Lean trouble code

Lean trouble code P0171 & P0174 are frequently pulp up OBDII codes. The codes clearly point out it is the fuel supply system has problem. Why some people say change O2 sensor first? The code has nothng to do with sensing system. If O2 sensor has problems, ut has its own trouble codes. It should indicate O2 sensor has no problem. Could anyone please clear up this confusion. I’ve seen a lot of cases O2 sensors were changed, but lean trouble codes persistant. Is there any case or how often replace O2 sensor can solve lean system problems? Could anyone stands up and say “changing O2 sensor is a wrong treatment to lean system problems”? Where i can get an authoritive answer?

Thanks a lot.

The lean mixture codes can be caused by intake air leaks in the intake manifold after the airflow sensor or in the exhaust system before the O2 sensor.

They are saying that, because the O2 sensor is the one that is sensing the lean condition. The guess is that a sensor going bad may be giving false lean conditions. I agree with cougar, tho. Testing for a vacuum leak or air intake leak first before just blindly changing expensive sensors is a better course of action.

The problem with ‘lean condition’ trouble codes is that the computer only sees the lack of voltage from the O2 sensor. It does not know if the sensor is bad (contaminated, defective, or lead open) or if it cannot enrich the mixture enough to consume all the oxygen in the compustion mixture. Excess air in the intake can do it. Also, a faulty, plugged, or restricted fuel injector can also cause it. Low fuel line pressure can also cause this. The computer is telling you that it has used all its adaptive measures and cannot get the O2 sensor to swing to a positive voltage and so has set a code that can steer a mechanic toward the problem. Usually, mechanics start the diagnosis with installing a new O2 sensor because it is simple; does not take much time; and only costs you money. His figuring is that if it is a defective O2 sensor the problem will be fixed at reduced diagnostic cost while zeroing in on the exact problem and doing an operational check on the O2 sensor would raise your diagnostic costs significantly. I have seen a recommendation for replacing the O2 sensor(s) as a first step for any emissions related fuel system problem and then continuing from there with a known accurate exhaust monitor.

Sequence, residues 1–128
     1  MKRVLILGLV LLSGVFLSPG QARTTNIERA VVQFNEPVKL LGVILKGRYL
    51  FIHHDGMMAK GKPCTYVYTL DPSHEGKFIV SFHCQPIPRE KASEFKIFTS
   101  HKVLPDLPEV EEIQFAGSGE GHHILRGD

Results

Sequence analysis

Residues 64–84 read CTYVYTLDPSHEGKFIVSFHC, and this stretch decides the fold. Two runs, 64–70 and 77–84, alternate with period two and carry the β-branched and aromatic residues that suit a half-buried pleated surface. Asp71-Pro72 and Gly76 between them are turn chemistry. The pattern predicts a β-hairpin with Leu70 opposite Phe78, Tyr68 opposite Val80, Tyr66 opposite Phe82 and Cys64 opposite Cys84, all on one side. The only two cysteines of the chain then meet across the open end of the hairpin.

If you want authoritative, the car maker should be enough. The car maker publishes its instructions in a Service Manual. The Service Manual does NOT instruct to the mechanic to, “Change parts until you get lucky!” No, they have developed troubleshooting charts to follow, in a rational manner to find the fault.

Thanks to all of your input. I appreciate it. When the 1st time “check engine” light went on, I went to the dealer and hoped exactly what “hellokit” commented. At that time I did not do any research and knew nothing about it. I relied on the dealer to provide quality services. The result was exactly what “Researcher” pointed out. After an expensive bill, the lgihts came back with exactly the same 2 lean codes less than 2 wks after they replaced O2 sensor. BTW, this is a Lexus ES300. I’m hugely disappointed with how much they charged without systematic diagnostcs. They did very fast. That was the shortest waiting time I ever spent at the dealer and that was the 1st time my car had problem since 2001. All previous times I went to the dealer were just for services and had to wait much longer.

Apparently what they did had not fixed the problems. Do you guys think I can get my money back? I can’t trust them anymore. Thank you for your time.

I don’t think you will get your money back but you should be able to go back there and tell them what has happened. You paid to have this problem fixed but the repair didn’t work for very long. If they are reasonable they should look at the problem again and give you a break on the further repairs or do it for free. I suspect the real problem is due to an air leak somewhere like I stated earlier. It also could be dirty injectors or low fuel pressure as Researcher stated. Go back and talk with them about it.